Pro-Biafran leader on trial in Nigeria

ABUJA: The high-profile trial of a pro-Biafran leader opened in Nigeria’s capital, Abuja, on Tuesday but was immediately adjourned pending defence applications against the charges.
Nnamdi Kanu, the head of the Indigenous People of Biafra (IPOB) movement, has been in custody since October 2015, sparking protests by his supporters across the country’s southeast. He and three others have been charged with treasonable felony, membership of an unlawful assembly, conspiracy to disturb public peace and terrorism-related offences.
A judge last month ordered that the identities of prosecution witnesses should be withheld because of fears for their safety.
Kanu, who also ran the London-based Radio Biafra station, opposes what he calls a “secret trial” and wants the case to be heard in public.
Members of the public were barred from the courtroom, reporters without official accreditation were not allowed in, while curtains blocked the view of the judge, defendants and lawyers.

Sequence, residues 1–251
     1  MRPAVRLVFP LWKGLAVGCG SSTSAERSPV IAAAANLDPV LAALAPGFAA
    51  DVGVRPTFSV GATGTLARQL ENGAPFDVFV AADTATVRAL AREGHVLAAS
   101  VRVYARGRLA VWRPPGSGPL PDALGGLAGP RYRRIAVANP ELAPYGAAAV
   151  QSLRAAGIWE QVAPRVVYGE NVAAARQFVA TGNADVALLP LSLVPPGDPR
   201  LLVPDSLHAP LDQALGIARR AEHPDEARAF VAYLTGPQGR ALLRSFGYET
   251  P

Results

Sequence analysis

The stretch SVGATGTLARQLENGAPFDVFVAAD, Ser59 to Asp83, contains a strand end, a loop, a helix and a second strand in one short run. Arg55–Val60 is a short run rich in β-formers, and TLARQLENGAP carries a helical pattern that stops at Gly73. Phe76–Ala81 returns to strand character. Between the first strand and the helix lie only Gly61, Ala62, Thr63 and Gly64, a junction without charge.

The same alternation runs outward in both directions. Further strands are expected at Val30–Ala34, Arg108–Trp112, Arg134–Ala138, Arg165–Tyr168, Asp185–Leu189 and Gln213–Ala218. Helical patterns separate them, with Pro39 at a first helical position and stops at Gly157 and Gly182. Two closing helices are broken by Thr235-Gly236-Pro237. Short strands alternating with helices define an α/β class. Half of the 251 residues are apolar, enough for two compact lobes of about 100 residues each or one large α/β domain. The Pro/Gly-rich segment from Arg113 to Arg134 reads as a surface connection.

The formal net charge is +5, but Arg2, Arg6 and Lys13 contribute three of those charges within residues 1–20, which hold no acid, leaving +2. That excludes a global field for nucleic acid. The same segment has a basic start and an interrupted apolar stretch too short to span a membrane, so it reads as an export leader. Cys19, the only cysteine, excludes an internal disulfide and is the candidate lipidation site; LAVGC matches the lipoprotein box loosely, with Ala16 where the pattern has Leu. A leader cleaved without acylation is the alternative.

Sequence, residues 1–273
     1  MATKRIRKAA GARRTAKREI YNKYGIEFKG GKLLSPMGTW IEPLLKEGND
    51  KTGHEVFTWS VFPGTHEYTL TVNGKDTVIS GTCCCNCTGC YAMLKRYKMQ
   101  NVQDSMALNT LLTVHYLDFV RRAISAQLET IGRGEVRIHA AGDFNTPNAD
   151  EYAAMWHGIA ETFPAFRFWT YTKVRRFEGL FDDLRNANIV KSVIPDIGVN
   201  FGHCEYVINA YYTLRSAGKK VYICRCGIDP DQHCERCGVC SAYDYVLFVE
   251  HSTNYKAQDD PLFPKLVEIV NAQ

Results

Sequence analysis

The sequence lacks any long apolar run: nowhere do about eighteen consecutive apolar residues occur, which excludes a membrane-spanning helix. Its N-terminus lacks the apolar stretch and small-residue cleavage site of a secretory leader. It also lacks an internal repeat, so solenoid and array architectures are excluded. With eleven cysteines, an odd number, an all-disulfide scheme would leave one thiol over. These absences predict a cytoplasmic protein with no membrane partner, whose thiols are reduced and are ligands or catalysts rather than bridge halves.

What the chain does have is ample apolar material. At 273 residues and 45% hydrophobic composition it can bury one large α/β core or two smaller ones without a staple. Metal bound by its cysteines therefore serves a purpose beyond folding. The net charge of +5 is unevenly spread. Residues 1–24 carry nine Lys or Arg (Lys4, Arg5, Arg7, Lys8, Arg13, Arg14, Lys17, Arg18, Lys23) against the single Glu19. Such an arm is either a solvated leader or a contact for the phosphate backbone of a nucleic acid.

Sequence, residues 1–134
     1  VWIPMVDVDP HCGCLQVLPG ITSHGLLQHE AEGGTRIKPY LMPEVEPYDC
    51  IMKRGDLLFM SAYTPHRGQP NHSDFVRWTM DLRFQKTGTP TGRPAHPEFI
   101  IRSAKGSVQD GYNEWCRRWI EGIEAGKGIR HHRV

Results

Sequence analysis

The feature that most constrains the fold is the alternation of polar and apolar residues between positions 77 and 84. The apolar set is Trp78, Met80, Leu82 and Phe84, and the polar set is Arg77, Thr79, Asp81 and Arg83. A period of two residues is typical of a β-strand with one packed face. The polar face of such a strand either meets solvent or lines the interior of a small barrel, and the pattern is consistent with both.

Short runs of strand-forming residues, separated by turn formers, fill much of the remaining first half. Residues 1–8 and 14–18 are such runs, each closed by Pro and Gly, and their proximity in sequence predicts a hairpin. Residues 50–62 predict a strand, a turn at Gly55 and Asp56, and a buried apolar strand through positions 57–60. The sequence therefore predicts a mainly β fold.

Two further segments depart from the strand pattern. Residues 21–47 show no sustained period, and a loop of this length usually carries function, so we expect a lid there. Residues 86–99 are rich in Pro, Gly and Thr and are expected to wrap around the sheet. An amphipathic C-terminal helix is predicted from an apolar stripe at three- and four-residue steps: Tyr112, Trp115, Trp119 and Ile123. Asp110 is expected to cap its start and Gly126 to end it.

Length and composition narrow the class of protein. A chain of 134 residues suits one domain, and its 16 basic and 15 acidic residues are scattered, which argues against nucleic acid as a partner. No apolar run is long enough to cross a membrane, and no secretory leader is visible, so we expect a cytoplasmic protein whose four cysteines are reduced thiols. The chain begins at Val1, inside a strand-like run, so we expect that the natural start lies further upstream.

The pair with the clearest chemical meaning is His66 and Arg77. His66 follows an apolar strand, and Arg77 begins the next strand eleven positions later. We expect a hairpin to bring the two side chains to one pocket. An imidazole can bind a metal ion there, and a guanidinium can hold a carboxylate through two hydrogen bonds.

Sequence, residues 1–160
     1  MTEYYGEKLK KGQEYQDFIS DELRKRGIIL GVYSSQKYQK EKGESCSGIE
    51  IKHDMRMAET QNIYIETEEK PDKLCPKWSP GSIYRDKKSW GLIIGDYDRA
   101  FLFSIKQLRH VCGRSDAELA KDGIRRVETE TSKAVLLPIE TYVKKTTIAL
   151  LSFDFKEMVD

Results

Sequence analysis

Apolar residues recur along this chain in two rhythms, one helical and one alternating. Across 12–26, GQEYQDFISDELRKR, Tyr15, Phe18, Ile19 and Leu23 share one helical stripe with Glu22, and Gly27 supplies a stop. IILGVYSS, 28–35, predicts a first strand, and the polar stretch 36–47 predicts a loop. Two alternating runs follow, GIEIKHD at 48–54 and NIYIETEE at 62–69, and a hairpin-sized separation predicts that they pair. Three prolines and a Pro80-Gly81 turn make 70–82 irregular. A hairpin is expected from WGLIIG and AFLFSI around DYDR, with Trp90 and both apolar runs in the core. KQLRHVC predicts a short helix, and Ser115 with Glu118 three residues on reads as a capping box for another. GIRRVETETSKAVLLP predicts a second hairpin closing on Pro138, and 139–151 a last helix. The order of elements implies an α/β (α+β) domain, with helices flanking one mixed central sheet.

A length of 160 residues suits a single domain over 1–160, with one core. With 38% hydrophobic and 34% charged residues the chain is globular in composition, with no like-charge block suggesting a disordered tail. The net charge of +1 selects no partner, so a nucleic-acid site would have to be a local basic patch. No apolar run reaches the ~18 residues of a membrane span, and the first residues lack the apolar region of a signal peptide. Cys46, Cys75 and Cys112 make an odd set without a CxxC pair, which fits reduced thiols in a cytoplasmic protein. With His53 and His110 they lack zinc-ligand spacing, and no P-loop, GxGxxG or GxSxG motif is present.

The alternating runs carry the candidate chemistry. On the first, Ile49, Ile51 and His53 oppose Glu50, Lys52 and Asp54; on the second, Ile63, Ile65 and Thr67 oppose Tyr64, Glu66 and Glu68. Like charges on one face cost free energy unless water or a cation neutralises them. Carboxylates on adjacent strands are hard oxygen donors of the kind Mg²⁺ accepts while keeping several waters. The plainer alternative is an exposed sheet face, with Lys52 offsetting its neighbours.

Outside, IPOB members chanted “Freedom”, waved placards and held aloft the Biafran flag — a red, black and green horizontal tricolour with a golden rising sun.
Kanu’s lawyer, Ifeanyi Ejiofor, told judge Binta Nyako an application had been filed challenging the court’s jurisdiction to hear the case and the competency of the charges.
Ejiofor told reporters outside court there was “no merit” in the proof of evidence against the defendants and a prima facie case had not been made.
Nyako adjourned the case until Thursday to hear the submissions.
Separatist sentiment among the Igbo people, who are the majority in southeast Nigeria, has grown in the months since Kanu’s arrest and sparked bloody clashes with the security forces.
The government has refused to release Kanu on bail, despite court rulings from at least three judges, including a regional tribunal.
Fifty years ago a unilateral declaration of an independent Republic of Biafra led to a brutal civil war that left hundreds of thousands dead, mainly from starvation and disease.
The conflict ended in 1970. — AFP